Budget to drag us from recession, but hinges on vaccine
More than 11 million Australians will be handed thousands of dollars in tax cuts and millions of businesses asked to buy up big and hire more employees in a bid to drag Australia out of its COVID recession.
The most important federal budget since WWII will see the government take a bill to parliament today to put $2000 in tax relief in the bank accounts of seven million Australians.
Extraordinary tax incentives for businesses will place the private sector - and more than one million NSW businesses - at the centre of our economic recovery with a suite of measures, including unlimited instant asset write off and radical loss carry back, to drive hiring and spending.
The cash-splash budget will blow the budget deficit out to $213.7bn this year, all in the aim of resuscitating the moribund pandemic-hit economy.
Combined, the government estimates the measures to cut income tax and encourage business investment will generate 100,000 jobs by 2021-22.
"Australians will have more of their own money to spend on what matters to them, generating billions of dollars of economic activity" Treasurer Josh Frydenberg said.
"We have a plan to rebuild our economy and to create jobs … we will do this by growing the economy, not increasing taxes."
Crucially, the budget is based on the assumption Australia has access to a vaccine by the end of 2021, that almost all state borders are reopened by 2020 and there is no further Victorian-style second wave.
For this reason, its success rests on rosy forecasts: it expects the economy to grow by 4.5 per cent next calendar year and unemployment to fall 6 per cent by June 2022.
The cost of saving the economy doesn't come cheap - after hitting $213.7bn this year the budget deficit will still be $66.9bn by 2023-24.
In other eye-watering forecasts gross debt will grow to $872bn - 45 per cent of GDP, while net debt will hit $703bn or 36 per cent of GDP this year.
But Treasurer Frydenberg asks for perspective - he points out Australia's net debt as a share of the economy is half that of the UK, a third that of the US and a quarter the size of Japan's today.
Opposition leader Anthony Albanese criticised the Budget on Wednesday morning, saying there is "no comprehensive plan" and "nothing in terms of reform."
"They've set up a whole lot of pots in this budget that are up to ministerial dissection and we are concerned about that," he said.
The budget is underpinned by an overarching strategy of high spending with a defined end point - once recovery has taken hold and unemployment is on a path back below 6 per cent, Australia will move to a "second phase" of stabilising debt.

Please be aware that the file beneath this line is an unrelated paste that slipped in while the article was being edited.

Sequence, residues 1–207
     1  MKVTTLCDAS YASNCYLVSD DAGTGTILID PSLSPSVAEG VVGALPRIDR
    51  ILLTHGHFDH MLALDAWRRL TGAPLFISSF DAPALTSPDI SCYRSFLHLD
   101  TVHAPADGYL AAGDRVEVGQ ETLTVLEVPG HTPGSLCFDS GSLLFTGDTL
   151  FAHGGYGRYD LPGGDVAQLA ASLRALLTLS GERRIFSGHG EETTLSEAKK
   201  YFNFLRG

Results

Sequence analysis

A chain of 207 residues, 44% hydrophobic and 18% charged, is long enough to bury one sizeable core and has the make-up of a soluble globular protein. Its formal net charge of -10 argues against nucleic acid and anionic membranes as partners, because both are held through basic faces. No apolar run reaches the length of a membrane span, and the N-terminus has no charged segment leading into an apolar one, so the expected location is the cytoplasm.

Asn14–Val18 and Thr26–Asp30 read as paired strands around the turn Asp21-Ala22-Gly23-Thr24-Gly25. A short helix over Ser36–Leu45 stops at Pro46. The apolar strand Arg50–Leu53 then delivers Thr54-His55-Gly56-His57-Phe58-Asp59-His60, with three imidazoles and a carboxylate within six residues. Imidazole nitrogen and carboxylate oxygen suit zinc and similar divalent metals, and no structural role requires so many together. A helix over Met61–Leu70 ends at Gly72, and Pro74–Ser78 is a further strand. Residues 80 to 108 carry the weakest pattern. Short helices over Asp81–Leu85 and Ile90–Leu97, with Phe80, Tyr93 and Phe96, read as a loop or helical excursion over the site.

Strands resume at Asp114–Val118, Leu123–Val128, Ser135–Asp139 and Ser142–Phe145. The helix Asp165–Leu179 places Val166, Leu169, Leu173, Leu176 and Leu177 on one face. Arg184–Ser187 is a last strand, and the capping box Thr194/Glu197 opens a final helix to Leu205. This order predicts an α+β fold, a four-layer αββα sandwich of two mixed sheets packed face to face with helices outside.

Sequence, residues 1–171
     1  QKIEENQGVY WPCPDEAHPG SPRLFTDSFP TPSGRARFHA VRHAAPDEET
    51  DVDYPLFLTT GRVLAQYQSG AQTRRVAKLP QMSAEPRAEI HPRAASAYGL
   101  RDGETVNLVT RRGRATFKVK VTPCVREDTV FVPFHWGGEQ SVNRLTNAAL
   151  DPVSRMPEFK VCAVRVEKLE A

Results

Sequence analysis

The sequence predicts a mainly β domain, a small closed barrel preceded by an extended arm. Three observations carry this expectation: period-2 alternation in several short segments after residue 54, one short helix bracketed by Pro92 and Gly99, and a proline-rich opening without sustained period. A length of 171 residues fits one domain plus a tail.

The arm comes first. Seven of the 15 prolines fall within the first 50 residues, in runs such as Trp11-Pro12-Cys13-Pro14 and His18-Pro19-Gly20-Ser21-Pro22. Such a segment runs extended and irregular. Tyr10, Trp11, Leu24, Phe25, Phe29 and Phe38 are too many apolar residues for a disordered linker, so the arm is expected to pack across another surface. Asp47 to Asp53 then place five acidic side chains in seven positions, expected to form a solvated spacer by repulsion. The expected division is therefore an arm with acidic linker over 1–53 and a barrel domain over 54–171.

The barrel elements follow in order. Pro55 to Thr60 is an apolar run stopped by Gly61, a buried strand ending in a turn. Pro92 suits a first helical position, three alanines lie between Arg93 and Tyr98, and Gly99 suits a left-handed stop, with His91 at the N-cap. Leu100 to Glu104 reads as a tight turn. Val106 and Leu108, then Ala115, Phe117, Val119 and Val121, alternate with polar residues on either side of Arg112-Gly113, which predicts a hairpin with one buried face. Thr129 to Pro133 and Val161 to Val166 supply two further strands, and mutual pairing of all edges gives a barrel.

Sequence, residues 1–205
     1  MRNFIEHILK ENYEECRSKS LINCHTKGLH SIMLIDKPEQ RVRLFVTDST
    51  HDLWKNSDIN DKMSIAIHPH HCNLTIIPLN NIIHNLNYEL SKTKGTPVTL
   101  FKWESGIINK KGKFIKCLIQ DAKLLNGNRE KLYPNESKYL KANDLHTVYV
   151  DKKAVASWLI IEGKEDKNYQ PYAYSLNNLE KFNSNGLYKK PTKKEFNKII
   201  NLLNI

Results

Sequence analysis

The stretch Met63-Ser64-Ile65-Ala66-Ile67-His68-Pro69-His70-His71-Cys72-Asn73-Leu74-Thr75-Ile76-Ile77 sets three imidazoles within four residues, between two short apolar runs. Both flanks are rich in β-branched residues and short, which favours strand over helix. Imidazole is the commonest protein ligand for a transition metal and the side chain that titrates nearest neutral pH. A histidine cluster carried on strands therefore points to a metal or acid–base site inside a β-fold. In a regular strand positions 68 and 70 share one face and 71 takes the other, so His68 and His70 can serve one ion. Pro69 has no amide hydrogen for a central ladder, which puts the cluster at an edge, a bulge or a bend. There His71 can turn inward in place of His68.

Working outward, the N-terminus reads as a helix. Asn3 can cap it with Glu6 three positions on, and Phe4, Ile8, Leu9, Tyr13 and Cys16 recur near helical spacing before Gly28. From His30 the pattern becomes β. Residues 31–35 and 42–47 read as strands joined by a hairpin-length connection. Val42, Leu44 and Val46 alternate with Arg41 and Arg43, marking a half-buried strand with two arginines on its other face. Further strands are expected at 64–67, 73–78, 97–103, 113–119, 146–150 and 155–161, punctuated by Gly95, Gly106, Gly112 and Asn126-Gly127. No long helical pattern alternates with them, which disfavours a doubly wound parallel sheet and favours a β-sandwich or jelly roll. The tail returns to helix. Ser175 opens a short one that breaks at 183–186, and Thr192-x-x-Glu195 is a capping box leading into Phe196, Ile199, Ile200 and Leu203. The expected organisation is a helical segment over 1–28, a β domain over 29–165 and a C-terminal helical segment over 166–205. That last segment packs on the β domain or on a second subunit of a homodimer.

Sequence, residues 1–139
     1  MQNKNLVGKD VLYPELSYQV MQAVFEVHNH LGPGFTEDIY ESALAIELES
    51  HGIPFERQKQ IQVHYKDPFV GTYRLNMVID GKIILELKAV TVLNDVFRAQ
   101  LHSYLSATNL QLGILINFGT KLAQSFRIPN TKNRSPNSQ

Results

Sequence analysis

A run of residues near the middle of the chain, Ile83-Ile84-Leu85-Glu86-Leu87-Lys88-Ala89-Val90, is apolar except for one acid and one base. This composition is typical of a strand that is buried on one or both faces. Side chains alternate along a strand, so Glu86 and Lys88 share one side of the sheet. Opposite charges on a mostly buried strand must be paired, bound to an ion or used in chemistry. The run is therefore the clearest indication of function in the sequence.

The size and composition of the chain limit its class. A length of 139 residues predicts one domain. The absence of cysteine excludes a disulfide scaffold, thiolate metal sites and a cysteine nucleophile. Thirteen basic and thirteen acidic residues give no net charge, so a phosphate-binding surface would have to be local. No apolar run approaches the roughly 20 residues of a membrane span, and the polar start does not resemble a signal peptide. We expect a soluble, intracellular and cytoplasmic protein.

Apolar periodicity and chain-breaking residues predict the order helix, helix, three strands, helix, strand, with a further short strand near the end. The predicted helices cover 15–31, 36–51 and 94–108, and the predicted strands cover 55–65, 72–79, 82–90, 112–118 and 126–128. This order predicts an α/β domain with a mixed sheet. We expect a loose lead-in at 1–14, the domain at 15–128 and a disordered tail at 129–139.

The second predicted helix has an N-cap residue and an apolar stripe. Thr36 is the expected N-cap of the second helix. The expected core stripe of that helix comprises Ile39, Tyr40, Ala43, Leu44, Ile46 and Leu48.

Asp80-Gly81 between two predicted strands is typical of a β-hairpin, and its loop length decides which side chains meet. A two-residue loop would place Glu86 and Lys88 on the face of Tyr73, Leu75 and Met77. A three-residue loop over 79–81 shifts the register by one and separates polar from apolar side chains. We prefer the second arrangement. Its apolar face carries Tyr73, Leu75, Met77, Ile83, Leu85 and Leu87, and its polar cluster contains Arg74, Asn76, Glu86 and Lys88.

"We will then rebuild our fiscal buffers so that we can be prepared for the next economic shock," Mr Frydenberg said.
Bringing forward stage two of the tax cuts hands seven million Australians tax relief of $2000 or more compared to 2017-18, with low and middle income singles to get relief of up to $2745 and families $5490.
The benefits of the tax changes are skewed to those on lower incomes, with those on $40,000 paying 21 per cent less tax and those on $80,000 paying 11 per cent less.
For the job-generating private sector an expanded instant asset write off will allow 99 per cent of businesses to write off the full value of any asset purchases, with no limit on the amount that can be spent. Businesses with a turnover of $5bn will be able to immediately deduct the full cost of eligible depreciable assets from 7.30pm last night.
In another "game changer" initiative companies with a turnover up to $5bn will be able to offset tax losses against previous profits on which tax has been paid.
The government expects this will boost cash flow for businesses desperately in need - it means losses incurred to June 2022 can be offset against profits made in or after the 2018-19 tax year.
Small businesses tax concessions will also be expanded so more businesses can access them.
At the individual level, 5.1 million Australians on lower incomes will benefit from two separate $250 economic support payments at a cost of $2.6bn from December.
They will go to age pensioners, disability support pensioners, eligible veterans, concession cardholders and other social security recipients.
For parents, the government will support families whose employment was interrupted by the pandemic by introducing an easier paid parental leave work test for a limited period.
Mr Frydenberg lays out a $1.5bn vision for manufacturing which puts Australia-made at the heart of our future, locking in a globally competitive and resilient manufacturing sector.
A massive infrastructure program will support 100,000 jobs on worksites across the country, boosting the 10 year pipeline to $110bn.
Crucially, the state based allocations come with a massive use it or lose it caveat - if any state drags its feet with spending the cash, another state gets the money.
Mr Frydenberg repeatedly stated the budget was "all about jobs".
"We owe it to the next generation to ensure a strong economy so that their lives are filled with the same opportunities and possibilities we have enjoyed," he said.
"There is no economic recovery without a jobs recovery. There is no budget recovery without a jobs recovery."
On Wednesday morning, while spruiking the Budget live on Channel 9, Mr Frydenberg was heckled by a protester wearing a white jumpsuit and carrying a sign which read, "tell the truth."
"This place is never lacking action. I can tell you that," the Treasurer responded.
The protester was escorted away from the TV set on the front lawn of Parliament House.
Originally published as Budget to drag us from recession, but hinges on vaccine